I’ve Got Georgia on My Mind: Part four – Ocmulgee National Monument/Historical Park

The Georgia state line.

We visited the state of Georgia in May of 2019 while on our way to Quebec, Canada. Quebec was just the beginning of a trip throughout the Maritimes and eastern seaboard. We were on the road seven months!

Later in 2019 the monument was changed to a national historical park.

Ocmulgee Mounds is located on the east bank of the Ocmulgee River in Macon, Georgia. The mounds preserve traces of human habitation for over seventeen thousand years. (Wikipedia) These mounds are not just burial mounds; they also include the Great Temple Mound, other smaller ceremonial mounds as well as defensive trenches and a trading post.

In 1806 Fort Benjamin Hawkins was built to support trading with the Native Americans. The town of Macon, Georgia began to be developed around the Ocmulgee Mound area soon after the fort was established.

During the Civil War (1860-65) the Confederate Army built trenches through the mounds in defense of the oncoming Union Army led by General William T. Sherman.

MaryAnn and the Traveling Pups at the entrance to the mounds.
MaryAnn is getting tired of me taking her picture.
The bridge over railroad tracks that were originally constructed in the late 1800’s destroying much of the mounds and erasing human history.
In 1843 and 1873 train tracks were laid through the middle of the Ocmulgee Mounds destroying large areas of its history.
Part of the train tracks through Ocmulgee Historical Park.
Looking from the bridge at the remaining Ocmulgee Mounds.
The entrance into one of the smaller mounds reveals a ceremonial meeting place and the highly skilled engineering techniques of these ancient peoples of North America.
The room inside one of the mounds. The room is incased in glass to preserve the area.
The ceremonial room incased in glass.
Returning back up the tunnel to the outside world and back into the daylight.
There’s a lot of walking and stair climbing involved in exploring Ocmulgee.
Ocmulgee area has a deep connection to the history of European American colonies and the Civil War era.
Did I mention there’s a lot of walking?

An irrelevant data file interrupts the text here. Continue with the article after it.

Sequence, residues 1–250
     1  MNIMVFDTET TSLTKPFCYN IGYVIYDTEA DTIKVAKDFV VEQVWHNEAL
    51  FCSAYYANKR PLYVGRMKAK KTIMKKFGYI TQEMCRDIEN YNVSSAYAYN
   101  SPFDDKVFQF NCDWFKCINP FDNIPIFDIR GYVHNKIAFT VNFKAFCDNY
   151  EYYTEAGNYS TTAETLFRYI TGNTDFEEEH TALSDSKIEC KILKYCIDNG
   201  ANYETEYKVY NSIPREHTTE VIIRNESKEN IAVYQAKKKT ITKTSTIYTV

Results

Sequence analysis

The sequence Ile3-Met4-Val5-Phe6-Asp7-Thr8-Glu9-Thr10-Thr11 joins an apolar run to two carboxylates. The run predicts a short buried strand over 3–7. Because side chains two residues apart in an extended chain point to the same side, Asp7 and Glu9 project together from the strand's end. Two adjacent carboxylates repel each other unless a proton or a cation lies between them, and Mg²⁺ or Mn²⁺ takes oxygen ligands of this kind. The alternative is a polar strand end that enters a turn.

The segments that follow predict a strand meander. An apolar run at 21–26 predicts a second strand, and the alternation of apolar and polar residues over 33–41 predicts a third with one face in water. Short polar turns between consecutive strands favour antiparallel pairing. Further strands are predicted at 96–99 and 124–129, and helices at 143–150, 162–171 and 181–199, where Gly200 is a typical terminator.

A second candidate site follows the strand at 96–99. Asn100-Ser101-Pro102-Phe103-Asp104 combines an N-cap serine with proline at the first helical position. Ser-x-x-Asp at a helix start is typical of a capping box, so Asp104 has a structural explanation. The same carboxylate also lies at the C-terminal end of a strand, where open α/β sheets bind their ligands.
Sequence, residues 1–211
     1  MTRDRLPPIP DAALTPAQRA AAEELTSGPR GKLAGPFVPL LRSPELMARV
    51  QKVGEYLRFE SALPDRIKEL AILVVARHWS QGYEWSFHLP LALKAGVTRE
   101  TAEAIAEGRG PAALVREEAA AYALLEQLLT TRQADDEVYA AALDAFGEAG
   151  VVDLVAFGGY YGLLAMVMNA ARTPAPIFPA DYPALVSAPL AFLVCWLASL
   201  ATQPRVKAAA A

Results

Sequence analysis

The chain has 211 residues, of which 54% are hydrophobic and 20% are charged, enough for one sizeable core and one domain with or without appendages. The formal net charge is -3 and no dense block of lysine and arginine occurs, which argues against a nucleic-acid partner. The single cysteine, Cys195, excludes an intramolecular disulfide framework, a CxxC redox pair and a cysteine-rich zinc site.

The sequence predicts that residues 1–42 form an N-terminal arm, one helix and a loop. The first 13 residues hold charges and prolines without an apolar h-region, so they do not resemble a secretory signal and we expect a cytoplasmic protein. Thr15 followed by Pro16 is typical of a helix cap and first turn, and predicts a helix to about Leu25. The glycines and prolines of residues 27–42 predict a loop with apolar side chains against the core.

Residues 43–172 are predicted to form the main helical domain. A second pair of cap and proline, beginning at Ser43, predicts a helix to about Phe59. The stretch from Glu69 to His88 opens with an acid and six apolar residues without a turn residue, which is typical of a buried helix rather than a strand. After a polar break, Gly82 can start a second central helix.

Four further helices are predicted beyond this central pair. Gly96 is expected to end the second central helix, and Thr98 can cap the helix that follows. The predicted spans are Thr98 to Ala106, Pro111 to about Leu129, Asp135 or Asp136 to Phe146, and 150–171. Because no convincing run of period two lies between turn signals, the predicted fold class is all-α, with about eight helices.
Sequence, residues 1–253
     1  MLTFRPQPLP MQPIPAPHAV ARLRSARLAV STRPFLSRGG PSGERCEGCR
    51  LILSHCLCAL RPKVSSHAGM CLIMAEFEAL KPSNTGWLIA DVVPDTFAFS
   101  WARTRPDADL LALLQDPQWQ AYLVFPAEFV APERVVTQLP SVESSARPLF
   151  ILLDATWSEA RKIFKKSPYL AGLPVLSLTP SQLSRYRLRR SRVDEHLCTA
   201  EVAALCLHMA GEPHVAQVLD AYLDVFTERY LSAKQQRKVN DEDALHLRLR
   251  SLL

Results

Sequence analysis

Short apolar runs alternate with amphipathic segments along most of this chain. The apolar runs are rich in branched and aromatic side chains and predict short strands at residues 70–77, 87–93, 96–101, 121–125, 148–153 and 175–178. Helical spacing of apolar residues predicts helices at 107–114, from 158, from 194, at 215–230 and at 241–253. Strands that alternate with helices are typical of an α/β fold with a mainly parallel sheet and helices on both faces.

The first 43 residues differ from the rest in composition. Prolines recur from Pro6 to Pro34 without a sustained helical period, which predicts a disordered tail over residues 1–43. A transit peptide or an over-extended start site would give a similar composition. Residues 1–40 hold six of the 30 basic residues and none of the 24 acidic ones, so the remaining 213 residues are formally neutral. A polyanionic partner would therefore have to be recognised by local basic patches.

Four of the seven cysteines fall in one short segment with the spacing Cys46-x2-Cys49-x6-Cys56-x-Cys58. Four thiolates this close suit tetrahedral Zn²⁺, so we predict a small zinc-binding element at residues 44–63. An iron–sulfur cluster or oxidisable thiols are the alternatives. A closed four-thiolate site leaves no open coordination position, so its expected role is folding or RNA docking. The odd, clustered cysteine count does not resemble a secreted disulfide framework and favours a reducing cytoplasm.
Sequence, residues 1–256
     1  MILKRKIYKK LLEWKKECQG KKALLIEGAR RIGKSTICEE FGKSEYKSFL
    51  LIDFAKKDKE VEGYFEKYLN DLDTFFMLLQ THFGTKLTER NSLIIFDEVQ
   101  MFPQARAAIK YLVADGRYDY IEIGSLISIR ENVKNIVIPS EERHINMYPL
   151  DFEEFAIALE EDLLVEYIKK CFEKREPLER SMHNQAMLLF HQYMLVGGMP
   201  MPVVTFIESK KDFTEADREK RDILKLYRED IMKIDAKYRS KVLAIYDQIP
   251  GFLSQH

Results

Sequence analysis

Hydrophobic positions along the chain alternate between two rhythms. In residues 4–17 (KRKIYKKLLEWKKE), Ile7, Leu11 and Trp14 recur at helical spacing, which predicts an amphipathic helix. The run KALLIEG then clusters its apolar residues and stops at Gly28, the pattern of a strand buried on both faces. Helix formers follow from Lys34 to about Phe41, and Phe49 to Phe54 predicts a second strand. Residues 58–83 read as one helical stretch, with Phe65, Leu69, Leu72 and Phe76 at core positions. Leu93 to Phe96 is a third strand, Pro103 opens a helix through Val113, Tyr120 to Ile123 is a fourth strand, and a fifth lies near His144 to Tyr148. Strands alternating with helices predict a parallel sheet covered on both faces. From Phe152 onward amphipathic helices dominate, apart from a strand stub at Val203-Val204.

The Great Temple Mound is one of the highlights of the area. Picture taken from 300 yards away.
The Great Temple Mound.
Steps leading to the top of the Great Temple Mound.
Yes, that’s MaryAnn at the top of the temple mound. I did not accept the challenge! Besides, someone needed to stay with the pups, I volunteered.
MaryAnn doesn’t like to take pictures, but I was able to talk her into one.
It’s a long way up to the top! Better wear sensible shoes when visiting here.
MaryAnn’s finally on her way back down.
It was a hot day. The Traveling Pups needed a break in the shade.
Picture taken from the top of one of the smaller mounds.
MaryAnn and the Traveling Pups are heading back across the bridge to end our adventure at Ocmulgee Mounds.
The Traveling Pups didn’t quite make it across the bridge. They started to protest against walking the rest of the way.
MaryAnn got those tired pups back on their feet and back on the road to our next adventure in Georgia!

There are still more adventures to come here in beautiful Georgia so stay tuned as we continue our exploration next time.

Leave a Reply

Fill in your details below or click an icon to log in:

WordPress.com Logo

You are commenting using your WordPress.com account. Log Out /  Change )

Twitter picture

You are commenting using your Twitter account. Log Out /  Change )

Facebook photo

You are commenting using your Facebook account. Log Out /  Change )

Connecting to %s